6. Justice Scalia wrote a separate concurring opinion, and this opinion does nothing but shred Justice Stevens' dissent. It is extraordinarily brutal in exposing the minority for what it is, a group that wanted to disregard law simply because they personally hate guns. If you are going to read only part of the decision, read Scalia's concurrence.

7. Justice Thomas wrote a separate concurring opinion, and it is basically an epitath to the privileges and immunities clause. Thomas would have used P+I, but joins the majority result.

Attorney General Cordray released a statement praising the decision within fifteen minutes of it being released. AG Cordray co-sponsored an amicus brief in the case on the side of gun owners. His release may be found here.

Governor Strickland's office called within fifteen minutes of the decision being announced. In light of the landmark decision handed down by the Supreme Court of the United States, the Strickland for Governor campaign released the following statement, "This Supreme Court decision marks an important victory for 2nd Amendment supporters by reaffirming that Constitutional rights cannot be infringed upon by state or local governments."

UPDATE #4 - Former Congressman and Republican U.S. Senate candidate Rob Portman issued a statement celebrating the ruling, and congratulating Buckeye Firearms. Portman's opponent in the November election is none other than former Handgun Control Inc. board member Lee Fisher.

UPDATE #5 - Former Congressman and Republican gubernatorial candidate John Kasich issued a statement celebrating the ruling.

Media Coverage:

The Cleveland Plain Dealer - Supreme Court ruling casts doubt on local gun restrictions

A deeply divided U.S. Supreme Court on Monday ruled that the Second Amendment's right to bear arms can trump state and local gun laws much like those Cleveland hopes to impose.
The ruling is significant because while the court has previously said that most other provisions of the federal Bill of Rights can be applied at the state and local level, this is the first time the court has said the same is true for the Second Amendment.

But the high court's 5-to-4 decision in McDonald vs. City of Chicago is not yet a clear-cut victory for gun rights groups or an automatic defeat for those in favor of gun control. The court said that reasonable regulation of firearms at the local level can still exist.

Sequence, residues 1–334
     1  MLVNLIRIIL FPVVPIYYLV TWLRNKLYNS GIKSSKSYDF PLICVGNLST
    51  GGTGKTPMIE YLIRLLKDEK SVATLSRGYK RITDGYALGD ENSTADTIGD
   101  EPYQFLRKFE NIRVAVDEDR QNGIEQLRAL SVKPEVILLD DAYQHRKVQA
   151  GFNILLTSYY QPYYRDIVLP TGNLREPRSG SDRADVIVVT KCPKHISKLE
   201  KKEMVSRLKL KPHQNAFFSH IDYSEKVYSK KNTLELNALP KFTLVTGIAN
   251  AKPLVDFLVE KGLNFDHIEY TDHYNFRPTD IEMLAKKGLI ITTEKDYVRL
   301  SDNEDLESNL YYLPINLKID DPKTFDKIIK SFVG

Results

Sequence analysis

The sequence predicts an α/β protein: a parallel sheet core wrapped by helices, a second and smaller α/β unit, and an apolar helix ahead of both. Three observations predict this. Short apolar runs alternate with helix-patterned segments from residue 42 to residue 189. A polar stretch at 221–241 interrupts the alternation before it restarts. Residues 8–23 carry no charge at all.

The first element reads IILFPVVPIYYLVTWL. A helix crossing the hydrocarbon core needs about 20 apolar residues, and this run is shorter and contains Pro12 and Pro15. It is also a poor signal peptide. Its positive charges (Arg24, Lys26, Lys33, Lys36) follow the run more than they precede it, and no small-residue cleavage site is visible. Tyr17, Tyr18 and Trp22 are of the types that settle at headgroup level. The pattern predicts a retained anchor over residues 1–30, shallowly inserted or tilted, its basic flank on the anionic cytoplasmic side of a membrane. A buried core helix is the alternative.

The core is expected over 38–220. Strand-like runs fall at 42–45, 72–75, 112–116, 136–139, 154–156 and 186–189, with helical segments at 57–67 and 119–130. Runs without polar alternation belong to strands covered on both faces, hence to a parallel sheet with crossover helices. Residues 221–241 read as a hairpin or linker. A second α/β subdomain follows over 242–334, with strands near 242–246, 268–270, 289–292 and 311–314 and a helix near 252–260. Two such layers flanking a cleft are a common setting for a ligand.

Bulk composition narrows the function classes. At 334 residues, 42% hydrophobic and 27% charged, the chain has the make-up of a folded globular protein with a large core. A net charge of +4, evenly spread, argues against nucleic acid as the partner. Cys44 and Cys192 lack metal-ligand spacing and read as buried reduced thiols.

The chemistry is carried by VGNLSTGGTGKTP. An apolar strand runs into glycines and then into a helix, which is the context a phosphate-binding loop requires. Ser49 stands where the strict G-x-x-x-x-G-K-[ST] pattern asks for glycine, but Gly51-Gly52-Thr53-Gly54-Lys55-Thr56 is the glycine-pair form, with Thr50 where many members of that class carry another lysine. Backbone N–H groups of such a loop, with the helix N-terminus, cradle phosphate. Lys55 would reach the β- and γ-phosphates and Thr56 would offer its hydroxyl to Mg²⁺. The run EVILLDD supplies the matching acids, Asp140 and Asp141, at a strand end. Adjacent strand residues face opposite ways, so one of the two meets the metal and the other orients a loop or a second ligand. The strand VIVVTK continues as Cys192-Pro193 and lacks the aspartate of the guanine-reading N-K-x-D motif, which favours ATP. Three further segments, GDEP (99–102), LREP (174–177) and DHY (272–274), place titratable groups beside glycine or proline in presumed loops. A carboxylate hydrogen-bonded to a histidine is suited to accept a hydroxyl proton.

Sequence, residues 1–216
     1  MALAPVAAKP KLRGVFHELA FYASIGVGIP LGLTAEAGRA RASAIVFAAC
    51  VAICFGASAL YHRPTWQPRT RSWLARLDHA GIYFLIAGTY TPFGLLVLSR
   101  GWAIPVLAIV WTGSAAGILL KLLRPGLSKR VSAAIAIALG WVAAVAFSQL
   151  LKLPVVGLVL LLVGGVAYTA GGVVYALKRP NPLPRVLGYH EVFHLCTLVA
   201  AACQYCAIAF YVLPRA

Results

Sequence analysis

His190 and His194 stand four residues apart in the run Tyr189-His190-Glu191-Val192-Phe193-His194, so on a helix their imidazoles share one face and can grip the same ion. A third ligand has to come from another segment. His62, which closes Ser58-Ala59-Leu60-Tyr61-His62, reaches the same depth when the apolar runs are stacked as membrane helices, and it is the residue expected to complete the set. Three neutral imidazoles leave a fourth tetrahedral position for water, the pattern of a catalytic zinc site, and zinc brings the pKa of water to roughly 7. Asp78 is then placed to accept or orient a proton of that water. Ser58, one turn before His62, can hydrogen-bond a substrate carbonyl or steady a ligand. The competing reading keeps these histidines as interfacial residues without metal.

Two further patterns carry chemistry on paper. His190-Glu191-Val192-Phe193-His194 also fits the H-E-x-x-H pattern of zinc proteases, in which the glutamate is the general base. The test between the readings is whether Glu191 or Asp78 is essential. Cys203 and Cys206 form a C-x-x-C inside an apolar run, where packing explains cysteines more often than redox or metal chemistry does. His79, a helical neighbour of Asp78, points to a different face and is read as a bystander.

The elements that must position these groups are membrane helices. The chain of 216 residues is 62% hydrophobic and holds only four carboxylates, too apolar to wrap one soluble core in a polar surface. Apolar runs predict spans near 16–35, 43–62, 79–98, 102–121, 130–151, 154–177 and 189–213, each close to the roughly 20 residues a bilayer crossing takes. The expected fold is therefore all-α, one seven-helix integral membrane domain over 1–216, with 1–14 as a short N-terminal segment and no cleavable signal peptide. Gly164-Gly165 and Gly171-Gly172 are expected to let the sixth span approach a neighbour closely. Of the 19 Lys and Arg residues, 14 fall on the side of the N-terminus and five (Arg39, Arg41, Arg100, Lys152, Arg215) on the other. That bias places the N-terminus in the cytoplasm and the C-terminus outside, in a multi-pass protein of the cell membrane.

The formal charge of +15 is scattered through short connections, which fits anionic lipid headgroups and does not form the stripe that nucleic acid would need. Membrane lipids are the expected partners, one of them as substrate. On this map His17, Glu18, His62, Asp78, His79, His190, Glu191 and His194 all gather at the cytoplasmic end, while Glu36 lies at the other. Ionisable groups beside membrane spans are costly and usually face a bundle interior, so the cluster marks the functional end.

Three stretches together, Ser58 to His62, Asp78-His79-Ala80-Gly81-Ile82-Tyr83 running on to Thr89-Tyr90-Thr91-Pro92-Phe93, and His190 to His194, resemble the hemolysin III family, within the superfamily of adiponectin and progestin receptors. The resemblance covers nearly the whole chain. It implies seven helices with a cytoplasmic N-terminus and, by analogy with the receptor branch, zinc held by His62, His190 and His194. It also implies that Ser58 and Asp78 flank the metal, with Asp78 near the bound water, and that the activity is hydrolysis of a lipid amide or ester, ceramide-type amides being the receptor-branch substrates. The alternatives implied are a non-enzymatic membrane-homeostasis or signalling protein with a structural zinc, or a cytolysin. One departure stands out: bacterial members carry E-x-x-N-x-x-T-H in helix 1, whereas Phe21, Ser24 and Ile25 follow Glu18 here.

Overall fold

The question now: What is reasonable? The court's decision did not outright forbid state and local gun laws.

"This case is not the end of legal fights over gun rights; in some ways it is a beginning," said Case Western Reserve University law professor Jonathan Adler. "Until the federal courts flesh out the level of scrutiny that will be applied on individual restrictions, it will be hard to get a handle on this."

The Dayton Daily News - Cities can't ban handguns, court says

WASHINGTON — A divided U.S. Supreme Court handed a victory to gun advocates on Monday, June 28, striking down city bans on the private ownership of handguns.

At the same time, the justices made clear that states and local governments could still regulate the possession and use of other types of weapons.

The 5-4 decision by a deeply fractured court would appear to have little impact on Ohio because neither the state nor local governments prohibit ownership of handguns. A 2006 state law passed despite the veto of Gov. Bob Taft swept away local laws in Dayton that had banned possession of assault weapons.

"Within the state of Ohio, it will be the same tomorrow afternoon as it was yesterday afternoon," said Ken Hanson, legislative chair of the Buckeye Firearms Association.